My oldest daughter's first word was "Daddy." The moment she laid eyes on her father she enjoyed being in his presence. Then he deployed.
My husband is a Chief Warrant Officer in the Army. He first deployed to Iraq from 2010 to 2011 when Jana was a year old. He is an intelligence specialist and his job was to help negotiate peace with the Afghans.
Jana began to throw tantrums even prior to his deployment. She had never done that before. She couldn't voice her feelings but I knew she missed him terribly.
When he returned in January of 2011 it was like Christmas all over again! I had never seen Jana so excited -- they were inseparable.
Then his unit began training to deploy again in 2012. My husband worked late nights and traveled to Arizona frequently. As a family, we felt cheated but he more than made up for it when he was home.
He deployed again to Afghanistan from 2012 to 2013 when Jana was 4-years-old. It was already an emotionally draining year for our family and the drastic change in Jana's behavior didn't help. I know every child's experience is different as it relates to a parent's absence during deployment.
In our case, my child became quite obstinate. She all of a sudden was having frequent potty accidents. Yuck! She would do awful things to her little sister such as bite her and shut her up in a dark room. She kicked her teacher at school because she asked her to practice her handwriting.
I had enough of her behavior and was weary from pleading with her to act better. On one particular day, I asked her to go to her room again for misbehaving.
I'll never forget the way she looked at me solemnly and said, "Mommy, you're my best friend and Jaci's (her younger sister) my friend too. I'm sorry for being mean but I just miss my daddy."
From that moment on, I realized that my child's misbehavior was a result of feeling hurt from her father's absence. As a mom, I felt bad for my impatience and at times for being angry. Most importantly, I learned patience and the importance of learning to be emotionally sensitive to my child's needs.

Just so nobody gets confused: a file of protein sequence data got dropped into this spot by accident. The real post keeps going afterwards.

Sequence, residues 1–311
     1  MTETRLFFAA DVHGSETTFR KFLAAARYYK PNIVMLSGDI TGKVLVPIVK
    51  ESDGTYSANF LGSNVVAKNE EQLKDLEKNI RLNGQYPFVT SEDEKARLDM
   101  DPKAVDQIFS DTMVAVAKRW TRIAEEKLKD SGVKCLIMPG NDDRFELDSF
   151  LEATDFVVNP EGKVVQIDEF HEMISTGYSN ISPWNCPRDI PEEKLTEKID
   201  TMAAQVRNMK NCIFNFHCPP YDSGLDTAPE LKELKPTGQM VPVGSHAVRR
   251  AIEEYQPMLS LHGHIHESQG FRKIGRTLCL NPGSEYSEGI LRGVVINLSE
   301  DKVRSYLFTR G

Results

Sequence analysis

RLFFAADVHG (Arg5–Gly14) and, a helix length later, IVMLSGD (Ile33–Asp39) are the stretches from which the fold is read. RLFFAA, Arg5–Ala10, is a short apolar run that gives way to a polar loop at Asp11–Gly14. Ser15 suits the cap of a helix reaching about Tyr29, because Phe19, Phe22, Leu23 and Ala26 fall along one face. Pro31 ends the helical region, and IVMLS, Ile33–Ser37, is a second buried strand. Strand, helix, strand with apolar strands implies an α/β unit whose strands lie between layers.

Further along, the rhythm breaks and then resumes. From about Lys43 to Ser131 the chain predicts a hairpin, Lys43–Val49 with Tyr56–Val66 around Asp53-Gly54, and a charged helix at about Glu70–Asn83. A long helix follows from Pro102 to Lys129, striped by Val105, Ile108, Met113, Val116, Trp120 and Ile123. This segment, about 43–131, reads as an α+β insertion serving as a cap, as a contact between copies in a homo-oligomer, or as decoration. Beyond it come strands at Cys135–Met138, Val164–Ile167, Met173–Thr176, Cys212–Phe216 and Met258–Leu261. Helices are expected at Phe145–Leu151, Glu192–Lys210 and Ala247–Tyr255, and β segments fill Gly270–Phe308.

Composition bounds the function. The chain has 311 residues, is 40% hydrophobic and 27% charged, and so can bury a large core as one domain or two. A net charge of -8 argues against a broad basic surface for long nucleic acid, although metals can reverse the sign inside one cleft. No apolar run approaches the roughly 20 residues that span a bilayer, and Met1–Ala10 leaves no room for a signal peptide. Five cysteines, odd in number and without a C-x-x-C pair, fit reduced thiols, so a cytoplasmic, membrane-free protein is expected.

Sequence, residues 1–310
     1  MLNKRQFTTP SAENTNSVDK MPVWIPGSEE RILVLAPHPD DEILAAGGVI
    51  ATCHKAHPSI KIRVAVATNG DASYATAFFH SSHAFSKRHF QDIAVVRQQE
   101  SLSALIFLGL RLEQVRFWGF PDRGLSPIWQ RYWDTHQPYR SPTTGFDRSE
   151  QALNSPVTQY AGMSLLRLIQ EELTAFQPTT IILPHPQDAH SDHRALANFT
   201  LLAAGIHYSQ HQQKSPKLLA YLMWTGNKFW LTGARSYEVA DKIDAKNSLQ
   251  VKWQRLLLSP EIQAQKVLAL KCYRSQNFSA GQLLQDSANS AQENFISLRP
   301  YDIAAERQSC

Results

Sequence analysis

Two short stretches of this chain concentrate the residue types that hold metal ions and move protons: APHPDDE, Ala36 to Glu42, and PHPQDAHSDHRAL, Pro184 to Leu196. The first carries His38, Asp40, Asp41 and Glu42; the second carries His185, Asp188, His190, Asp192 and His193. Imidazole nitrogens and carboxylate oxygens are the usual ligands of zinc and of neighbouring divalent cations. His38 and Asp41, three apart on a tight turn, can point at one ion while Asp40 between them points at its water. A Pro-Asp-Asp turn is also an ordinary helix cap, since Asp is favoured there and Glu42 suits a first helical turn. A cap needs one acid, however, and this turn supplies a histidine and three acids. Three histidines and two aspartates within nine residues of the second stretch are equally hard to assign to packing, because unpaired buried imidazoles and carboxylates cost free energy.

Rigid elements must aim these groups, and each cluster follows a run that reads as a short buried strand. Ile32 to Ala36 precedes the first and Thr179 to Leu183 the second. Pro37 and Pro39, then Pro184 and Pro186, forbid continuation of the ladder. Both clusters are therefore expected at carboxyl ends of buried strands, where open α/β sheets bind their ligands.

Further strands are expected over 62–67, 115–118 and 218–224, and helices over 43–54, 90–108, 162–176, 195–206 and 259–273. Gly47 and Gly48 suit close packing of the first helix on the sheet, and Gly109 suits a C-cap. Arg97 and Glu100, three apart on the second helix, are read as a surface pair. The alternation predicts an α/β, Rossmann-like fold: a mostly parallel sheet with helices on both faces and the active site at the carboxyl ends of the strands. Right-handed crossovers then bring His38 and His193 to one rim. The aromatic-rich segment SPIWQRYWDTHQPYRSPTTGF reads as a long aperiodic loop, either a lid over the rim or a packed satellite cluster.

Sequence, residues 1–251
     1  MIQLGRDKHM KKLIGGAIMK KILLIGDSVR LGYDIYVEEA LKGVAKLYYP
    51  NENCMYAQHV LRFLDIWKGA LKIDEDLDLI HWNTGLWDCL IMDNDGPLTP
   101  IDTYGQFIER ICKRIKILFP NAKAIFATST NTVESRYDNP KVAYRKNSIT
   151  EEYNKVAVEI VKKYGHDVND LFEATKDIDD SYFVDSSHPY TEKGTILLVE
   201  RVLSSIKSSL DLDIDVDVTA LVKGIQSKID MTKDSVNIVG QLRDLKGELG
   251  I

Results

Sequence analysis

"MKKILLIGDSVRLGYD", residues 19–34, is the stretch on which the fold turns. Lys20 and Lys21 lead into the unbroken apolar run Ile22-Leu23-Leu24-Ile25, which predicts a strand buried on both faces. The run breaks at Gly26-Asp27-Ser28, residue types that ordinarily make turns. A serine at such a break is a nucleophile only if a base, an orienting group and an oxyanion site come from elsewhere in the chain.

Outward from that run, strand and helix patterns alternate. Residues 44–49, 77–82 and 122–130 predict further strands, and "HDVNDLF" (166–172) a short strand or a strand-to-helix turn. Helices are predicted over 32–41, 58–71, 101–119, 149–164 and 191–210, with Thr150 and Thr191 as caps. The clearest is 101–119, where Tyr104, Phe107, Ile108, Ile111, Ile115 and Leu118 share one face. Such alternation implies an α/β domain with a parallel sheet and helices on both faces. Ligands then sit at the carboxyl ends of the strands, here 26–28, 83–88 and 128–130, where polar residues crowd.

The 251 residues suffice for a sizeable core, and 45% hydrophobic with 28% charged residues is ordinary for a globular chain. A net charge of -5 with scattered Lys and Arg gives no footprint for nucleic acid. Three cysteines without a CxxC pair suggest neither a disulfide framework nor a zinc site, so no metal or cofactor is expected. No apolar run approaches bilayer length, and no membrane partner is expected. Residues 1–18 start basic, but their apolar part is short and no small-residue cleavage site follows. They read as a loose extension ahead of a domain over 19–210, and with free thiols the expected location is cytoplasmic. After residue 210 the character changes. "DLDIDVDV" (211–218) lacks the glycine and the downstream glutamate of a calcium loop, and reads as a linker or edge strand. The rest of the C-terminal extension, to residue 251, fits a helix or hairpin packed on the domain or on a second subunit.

Inspired by my daughter I wrote a book called I Miss Daddy. I had a portrait artist illustrate the characters in the book to resemble our family. When I presented it to my daughter she excitedly exclaimed, "It's Daddy and Jana!"
I also gave a copy to Jana's teacher who shared it with her Pre-Kindergarten class. Jana's teacher shared that she told her class her father was far away in Afghanistan. She also shared how she enjoyed receiving letters from him.
Not only did Jana's behavior change for the better but my response and attitude towards her changed as well. Jana's teacher also shared that Jana's temper tantrums are very few and far between. Jana was also elected as her class Pre-Kindergarten Homecoming queen for the 2012 through 2013 school year!
I presented the book to my husband when he came home for R&R during Christmas of 2012. It's a special book for both my husband and daughter. It's an easy reader book with discussion questions at the end that I believe will help parents understand the impact of deployment upon their family and will provide their child hope and comfort during difficult times.
You can check it out by clicking here. The relationship between deployed dads and their kids is a special one. I hope my book helps other families. What else can deployed families do to stay close?
-- Acacia Beumer is a proud Army wife and mother of two located in Fort Sam Houston, Texas She recently completed a graduate degree in Marriage and Family Therapy and looks forward to starting her career.
Keep Up with the Ins and Outs of Military Life
For the latest military news and tips on military family benefits and more, subscribe to Military.com and have the information you need delivered directly to your inbox.